Did Trainspotting Really Need An Update?

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For me, the 1996 film Trainspotting was a truly glorious affair. A dazzling one-off, a sensational stand-alone, a masterpiece. So, 21 years on, did we really need an update? T2 Trainspotting has been a long time coming. Reasons for this? Who knows, but throw in a well-documented director/star fall-out, the reported wait for the actors to look old enough or even just a wobble over tarnishing the hallowed legacy of the original film. No matter, T2 Trainspotting is here now. So the question is, how does it stand up? I watched T2 alongside a mixed audience ranging from excited entry-level 18-year-olds to nostalgic 40- and 50-somethings. It was well received, judging by the laughter and the groans (yes, be prepared for some stomach-turning moments), but I came out still musing on whether this film really needed to exist at all. The brilliance of the first Trainspotting lay in its daring and innovative take on what could have been a grim serving of social realism. Instead, this sorry tale of young urban junkies living in the dark underbelly of '80s Edinburgh was ingeniously shaken up with raw energy, black humour and some impressive visual trickery, all driven by a pounding soundtrack. The film’s frenetic pace was exquisitely balanced by scenes that shocked, saddened or just made you laugh out loud. The film was brave, bold and it moved me. Not surprisingly, it provoked its fair share of controversy with both Irvine Welsh (writer of the book on which the film is based) and director Danny Boyle accused of glamorising heroin addiction.
Of course the youthful, good-looking cast (Ewan McGregor and Jonny Lee Miller in particular) added allure and swagger. It’s also true that Trainspotting explicitly exposed the euphoria as well as the pain of hardcore drug use – one of the few films brave enough to have taken this risk on the big screen at the time. But it’s also fair to say that the film didn’t stint on the brutal moments: the death of a neglected baby, the gruesome physical agony of drug withdrawal and Renton’s desperate, sordid swim down that awful toilet, to name but three. T2 (loosely based on Porno, Welsh’s sequel to Trainspotting) is a catch-up with the same characters –McGregor’s Renton, Miller’s Sick Boy (now known as Simon), Robert Carlyle’s Begbie and Ewen Bremner’s Spud – some 20 years on from their furiously misspent youth. As expected, themes of reconnection and nostalgia dominate this latest landscape which explains and allows for the frequent flashbacks and nods to the original film. T2 opens as Renton, driven by a personal crisis, returns to Edinburgh to renew and repair relationships with his friends. As he was last seen disappearing to Amsterdam after stealing more than his cut of a £16,000 drug deal, there are clearly a lot of bridges to be built. He looks up Simon, now in charge of a dingy pub he’s inherited from an aunt. Alongside his landlord duties he is running a seedy extortion racket with his young Bulgarian girlfriend, Veronika (an impressive performance from Anjela Nedyalkova). Renton finds vulnerable loser Spud, also not in a great place. Estranged from his wife and son he’s now back on the smack. Meanwhile, scary and revengeful Begbie is in prison, though not for long, one suspects. The pace of the film is punchy if not as frenzied as T1 and the plot packs in addiction, blackmail, fraud and some Begbie bloodlust, but leaves enough room for exploration and evaluation of friendship and times now past. McGregor is a smoothly assured acting presence but his role in this film seems to be mostly to support the other characters. He advises, placates, repents and (when it comes to Begbie) tries to avoid. But does he betray? Well, wait and see.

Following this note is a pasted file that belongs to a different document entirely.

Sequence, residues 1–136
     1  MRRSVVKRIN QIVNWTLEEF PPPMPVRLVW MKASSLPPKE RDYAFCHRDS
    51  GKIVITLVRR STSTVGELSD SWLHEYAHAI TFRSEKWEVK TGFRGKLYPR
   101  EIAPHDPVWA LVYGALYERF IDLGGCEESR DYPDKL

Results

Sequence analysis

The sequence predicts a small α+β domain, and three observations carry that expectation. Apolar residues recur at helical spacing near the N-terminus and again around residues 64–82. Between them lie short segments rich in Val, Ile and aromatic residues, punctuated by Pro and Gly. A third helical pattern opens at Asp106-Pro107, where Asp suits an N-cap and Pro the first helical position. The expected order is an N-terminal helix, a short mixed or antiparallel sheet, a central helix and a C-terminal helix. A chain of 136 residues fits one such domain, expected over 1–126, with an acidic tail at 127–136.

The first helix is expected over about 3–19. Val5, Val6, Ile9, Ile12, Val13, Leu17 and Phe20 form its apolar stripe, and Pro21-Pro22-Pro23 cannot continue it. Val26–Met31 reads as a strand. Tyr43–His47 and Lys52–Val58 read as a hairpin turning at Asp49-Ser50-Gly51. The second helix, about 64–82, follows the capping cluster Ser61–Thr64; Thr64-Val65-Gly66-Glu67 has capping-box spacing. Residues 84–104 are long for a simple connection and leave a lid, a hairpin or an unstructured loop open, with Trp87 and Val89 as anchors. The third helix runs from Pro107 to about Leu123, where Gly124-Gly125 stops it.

This is a relentlessly male-driven movie.

McGregor was indisputably the most charismatic star of the first film but he’s overshadowed here. Miller for one gives a fine performance as the bitter, disillusioned Simon, whose uneasy, distrustful relationship with Renton is key to the film’s main storyline. But it’s Bremner who really stands out. His moving performance as the gentle, fragile Spud unfolds beautifully to be both believable and affecting. However, although Carlyle delivers as the terrifyingly unpredictable Begbie, attempts to reveal a more vulnerable side to his character are unconvincing. This is a relentlessly male-driven movie. Women, apart from Veronika, are afforded little screen time. Kelly Macdonald returns for all of two minutes as Diane, now a successful lawyer, while the awesome Shirley Henderson is shamefully underused as Spud’s estranged wife. For those that haven’t seen T1, I wonder what T2 will offer. Sure, the new film does work as an entertaining experience and there are enough references – visual and otherwise – to fill in any gaps. I’m guessing, though, that this outing will be mostly a draw for those who were there first time round. For some of that number, T2 may well be worth the watch for a catch-up with old friends and as an entertaining carry-on. But, for me – and this is nostalgia talking now – I can only remember the revelatory jolt of a film that was the original. Some things are better left in the past. Trainspotting is one of them. Read more: Why Trainspotting's Renton Is My Style Icon

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